This type of advice dovetails nicely with a new more hands-off parenting style (which also converges nicely with the Slow Parenting movement) that’s been dubbed “free-range parenting”. It was unofficially launched by New York journalist Lenore Skenazy who started a controvery when she wrote in an editorial that she let her 9-year-old ride the subway alone.
Skenazy believes parents should give their children the same freedoms they grew up with. “We do NOT believe that every time school age children go outside, they need a security detail,” she writes on her blog Free Range Kids. “Most of us grew up Free Range and lived to tell the tale. Our kids deserve no less.”
At a time of 24 hour news it’s easy to become sucked into the fear that your child will be kidnapped or killed if you let him out of the home alone, but crime rates have actually dropped in many cities (like New York) and mortality rates for kids have fallen as well in the past quarter century. Despite the statistics, we hover over our children more than ever. In 1972, 87% of kids who lived within a mile of school walked or biked daily. Today, only 13% of children bike, walk or get themselves to school. (As the Center for Disease control reports with this fall in activity has come a rise in obesity).
Free-range parenting provides freedom not just for kids, but for parents. And this is exactly what writer Tom Hodgkinson preaches in his book “The Idle Parent: Why Less Means More When Raising Kids”. He believes in skipping the theme parks and fancy holidays, in redecorating when the kids have left home and in making work fun (i.e. dancing while cleaning), but also such recklessness as naps for parents and reading the books we want to to our kids (e.g. Kipling, Lear and the Arabian Nights), because if we watch out for our own needs then everyone will be happier, kids included.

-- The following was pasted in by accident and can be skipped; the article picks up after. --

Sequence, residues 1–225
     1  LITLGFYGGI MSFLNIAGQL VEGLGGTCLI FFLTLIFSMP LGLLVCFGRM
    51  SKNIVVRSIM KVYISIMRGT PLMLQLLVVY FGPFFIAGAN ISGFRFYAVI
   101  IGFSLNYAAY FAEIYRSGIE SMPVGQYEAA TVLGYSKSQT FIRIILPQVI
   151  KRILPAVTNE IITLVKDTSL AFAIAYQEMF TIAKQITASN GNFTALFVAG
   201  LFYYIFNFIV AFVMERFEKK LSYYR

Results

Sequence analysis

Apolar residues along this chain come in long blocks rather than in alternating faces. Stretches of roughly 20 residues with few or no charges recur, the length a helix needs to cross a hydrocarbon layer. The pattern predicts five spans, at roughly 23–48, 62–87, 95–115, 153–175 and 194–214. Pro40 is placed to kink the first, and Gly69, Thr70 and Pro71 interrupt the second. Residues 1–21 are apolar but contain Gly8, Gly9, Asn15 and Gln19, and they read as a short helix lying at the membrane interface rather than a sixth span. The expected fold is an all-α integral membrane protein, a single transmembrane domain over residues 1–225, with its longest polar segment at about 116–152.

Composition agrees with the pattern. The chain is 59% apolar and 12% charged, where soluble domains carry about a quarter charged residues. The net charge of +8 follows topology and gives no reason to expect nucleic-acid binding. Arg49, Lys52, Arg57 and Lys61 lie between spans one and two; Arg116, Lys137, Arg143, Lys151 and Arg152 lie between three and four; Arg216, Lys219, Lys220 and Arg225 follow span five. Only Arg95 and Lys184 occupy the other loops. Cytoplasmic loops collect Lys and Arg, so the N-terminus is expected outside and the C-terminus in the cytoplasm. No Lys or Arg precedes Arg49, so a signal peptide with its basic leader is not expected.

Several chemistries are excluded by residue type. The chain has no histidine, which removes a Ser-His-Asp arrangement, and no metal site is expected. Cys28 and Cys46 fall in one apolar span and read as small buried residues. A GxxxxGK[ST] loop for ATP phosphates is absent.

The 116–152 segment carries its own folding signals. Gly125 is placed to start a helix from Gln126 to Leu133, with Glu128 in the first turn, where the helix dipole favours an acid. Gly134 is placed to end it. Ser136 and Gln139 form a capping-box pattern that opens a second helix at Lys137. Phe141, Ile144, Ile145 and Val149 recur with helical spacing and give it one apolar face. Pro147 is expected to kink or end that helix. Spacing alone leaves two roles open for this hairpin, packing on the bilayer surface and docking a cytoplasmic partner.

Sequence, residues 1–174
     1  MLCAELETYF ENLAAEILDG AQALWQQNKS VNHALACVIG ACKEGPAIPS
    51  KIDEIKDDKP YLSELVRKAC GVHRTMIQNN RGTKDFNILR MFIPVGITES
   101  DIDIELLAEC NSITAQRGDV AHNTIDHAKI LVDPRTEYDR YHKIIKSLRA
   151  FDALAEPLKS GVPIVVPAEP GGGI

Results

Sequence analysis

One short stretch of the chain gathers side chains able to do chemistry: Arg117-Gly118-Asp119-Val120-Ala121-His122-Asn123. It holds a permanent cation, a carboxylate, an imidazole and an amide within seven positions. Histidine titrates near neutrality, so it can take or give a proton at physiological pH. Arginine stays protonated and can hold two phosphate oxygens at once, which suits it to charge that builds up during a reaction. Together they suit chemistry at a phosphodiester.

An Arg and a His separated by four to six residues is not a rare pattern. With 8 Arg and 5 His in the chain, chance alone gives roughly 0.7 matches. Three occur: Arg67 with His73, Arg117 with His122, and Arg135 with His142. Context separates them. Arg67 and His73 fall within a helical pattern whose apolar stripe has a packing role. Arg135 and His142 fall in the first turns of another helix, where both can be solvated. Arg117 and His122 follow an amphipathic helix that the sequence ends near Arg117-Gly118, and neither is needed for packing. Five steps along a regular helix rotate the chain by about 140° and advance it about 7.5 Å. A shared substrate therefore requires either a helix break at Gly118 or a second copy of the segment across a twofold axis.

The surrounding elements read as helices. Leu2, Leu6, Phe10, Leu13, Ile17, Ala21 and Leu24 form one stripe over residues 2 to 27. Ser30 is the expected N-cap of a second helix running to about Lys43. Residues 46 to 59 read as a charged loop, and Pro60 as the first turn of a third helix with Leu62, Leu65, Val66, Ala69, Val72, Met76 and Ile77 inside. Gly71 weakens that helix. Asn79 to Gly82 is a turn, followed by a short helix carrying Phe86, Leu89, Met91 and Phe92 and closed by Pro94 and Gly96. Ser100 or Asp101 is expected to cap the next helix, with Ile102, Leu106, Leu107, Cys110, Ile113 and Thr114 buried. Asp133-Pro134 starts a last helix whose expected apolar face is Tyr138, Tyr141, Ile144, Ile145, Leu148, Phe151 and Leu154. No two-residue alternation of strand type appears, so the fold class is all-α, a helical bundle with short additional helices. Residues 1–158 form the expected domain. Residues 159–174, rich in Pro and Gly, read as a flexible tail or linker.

Hodgkinson, like my husband, believes that being a parent doesn’t have to be so difficult and that we have more choice than we think about how we choose to parent, and to live. It may seem ironic that I, and all of these “un-parenting” gurus, are devoting so much time and energy to the idea that parenthood can be more passive, but after nearly a century of overhyping the role, some re-alignment is in order.
And while we may ostensibly be discussing parenting, there’s a bigger issue at stake. This was spelled out for me by a mother on the booksharing site Goodreads (full disclosure: the site was started by a friend, though I found this review randomly via a google search) whose review of “The Idle Parent” was a testimonial to how re-learning how to parent may help us uncover clues on how to find more freedom, and happiness, in our lives in general.
“Every time my mother snarks at me about my life being so “easy”, as if it is some badge of honor to have made yourself a difficult life and to drudge about “getting things done”, I am being confronted with the Puritan ethical standard that I grew up with (and thankfully grew OUT of) and that I think has made Americans fairly unhappy as a whole. Life is not for suffering and work should be enjoyable… Every day life should be enjoyable for both the parents and the kids, and we should live more in the present, and stop “investing” so much energy in the future.”